1. You forgot one!

    11. Never makes mistakes.

    • I think my point was, know how to cover your arse for mistakes you will inevitably make. An outstanding DBA obviously backs what he/she needs to first, verifies the backup etc etc and never forgets to do that before accidentally implementing a production change on the wrong database which he/she hasn’t just backed up, eh?

    • P.S. I forgot to say the most important thing, Jon – nice article, well done & well written.

  2. David Monty says:

    Couldn’t agree more! But don’t forget “the ability to deal with idiots, especially when they’re your boss”…

  3. --Jeff Moden says:

    All these rules and suggestions are great and I thank you for posting them.  I’d like to summarize using a quote written by David Poole about being an exceptional DB.

    “If you are in the position where people will voluntarily use you as the first point of contact for database information rather than the last, then you are probably an exceptional DBA”

    • My pleasure Jeff. That is indeed a great quote. 

      I like the inclusion of the word “probably” in particular…..if folks always come to you first in order to get results, let’s hope it’s not because you’re a pushover 
      ;-)Thanks for your comments sir!

  4. Tcronin says:

    Sorry missing number 1, understand the data and how it impacts the company, no ands ifs or buts, always number one, always.  I will take a medicore DBA any day over the technogeek who has your 10 down.  All the other 10 need to be based upon that number one, I have no interest in your cool poweshell script when my 10,000 orders don’t go out tonight.

  5. Yep, couldn’t agree more ;-)

  6. Again, hitting me square in the nose. I now have these hanging on my wall. One that I will like to add for myself is Trustworthy. DBA’s have a huge responsibility and if you are on a team of people it is important to know that DBA’s all trust one another along with the business trusting you. I’ve got to know going into battle that the team members have my six and that I’ve got theirs; we pick each other up when we fall (yes we are human). The business units need to trust the DBA’s as well knowing that they can sleep safely at night because their data is in good hands.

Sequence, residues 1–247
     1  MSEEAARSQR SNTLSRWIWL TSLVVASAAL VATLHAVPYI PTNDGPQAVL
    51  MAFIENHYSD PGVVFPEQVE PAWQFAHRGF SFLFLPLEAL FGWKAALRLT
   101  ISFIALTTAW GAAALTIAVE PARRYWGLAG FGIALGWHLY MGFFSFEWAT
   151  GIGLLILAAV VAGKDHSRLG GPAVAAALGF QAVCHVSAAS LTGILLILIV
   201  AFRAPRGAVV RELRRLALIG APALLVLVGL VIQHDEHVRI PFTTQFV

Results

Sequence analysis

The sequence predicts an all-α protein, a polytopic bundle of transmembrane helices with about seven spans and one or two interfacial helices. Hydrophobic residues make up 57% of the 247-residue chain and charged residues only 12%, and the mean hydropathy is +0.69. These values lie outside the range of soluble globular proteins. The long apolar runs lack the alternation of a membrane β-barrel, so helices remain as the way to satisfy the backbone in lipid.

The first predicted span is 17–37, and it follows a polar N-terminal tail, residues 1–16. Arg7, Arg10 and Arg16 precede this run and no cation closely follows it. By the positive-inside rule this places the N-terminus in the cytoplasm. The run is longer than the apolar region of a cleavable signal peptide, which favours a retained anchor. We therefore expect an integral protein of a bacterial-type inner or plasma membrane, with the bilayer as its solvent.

Nice post once again John; nice to see 2010 posts are still ever present in 2013

    • A most excellent character trait suggestion Chris. So much so in fact that I’m somewhat surprised it did not make the original list/cut. You’re absolutely right, you just can’t put a value on how important trust is for a Data Professional. Once it’s lost, well, it’s pretty much game over really. Such is the level of responsibility we shoulder.

      Ha! A timeless post, trust me they’re rare. As an author I’m more accustomed to looking back at previous work and cringing. I think we all do. Eyes forward….

  7. Hi John,

    I just wanted to say great site and info.

    I have been in IT for over 15 years as a systems and network admin, and have created some sophisticated applications using MS Access 2007 VBA. I am now teaching myself VB.NET and ADO.NET with MS SQL 2008. I have always wanted to be in the DBA and programming field but never had the opportunity to make the move. Most of what I know I learned on my own. I would like to take some official classes but everything I find is toward a certification. I know any knowledge is good knowledge, but I do not want to pay thousands and not get anything that would make a difference. I have all 11 plus skills listed here and I am very, very, very detail oriented.
    I really need a very fast track to this career. What do you recommend?

    • Hi Robert,

      Thank you for your kind words, delighted to hear that you are enjoying the blog.

      I can certainly appreciate how you feel about the cost of training. Some Data Professionals are fortunate to have these costs covered by their employers. In my own experience, I have always found the training courses I have attended (particularly those offered by SQLSkills) to be a completely worthwhile investment.

      However, I am also a very firm believer in self-study toward certification and it is something that I practice myself. Specifically, other than the Microsoft Certified Master, I have used solely self-study to develop the skills required to achieved SQL Server certification. My motivation though was not driven by cost but rather that I prefer this method of study.

      You can read more about my approach to studying for SQL Certification here.

      Considering your significant experience in IT and that you have developed a robust variety of soft skills, I believe that this approach could be ideal for you. The speed at which you achieve your goal is then completely in your hands. If fast tracking is a priority to you, then you have the power to approach your goal as you see fit in order to support this.

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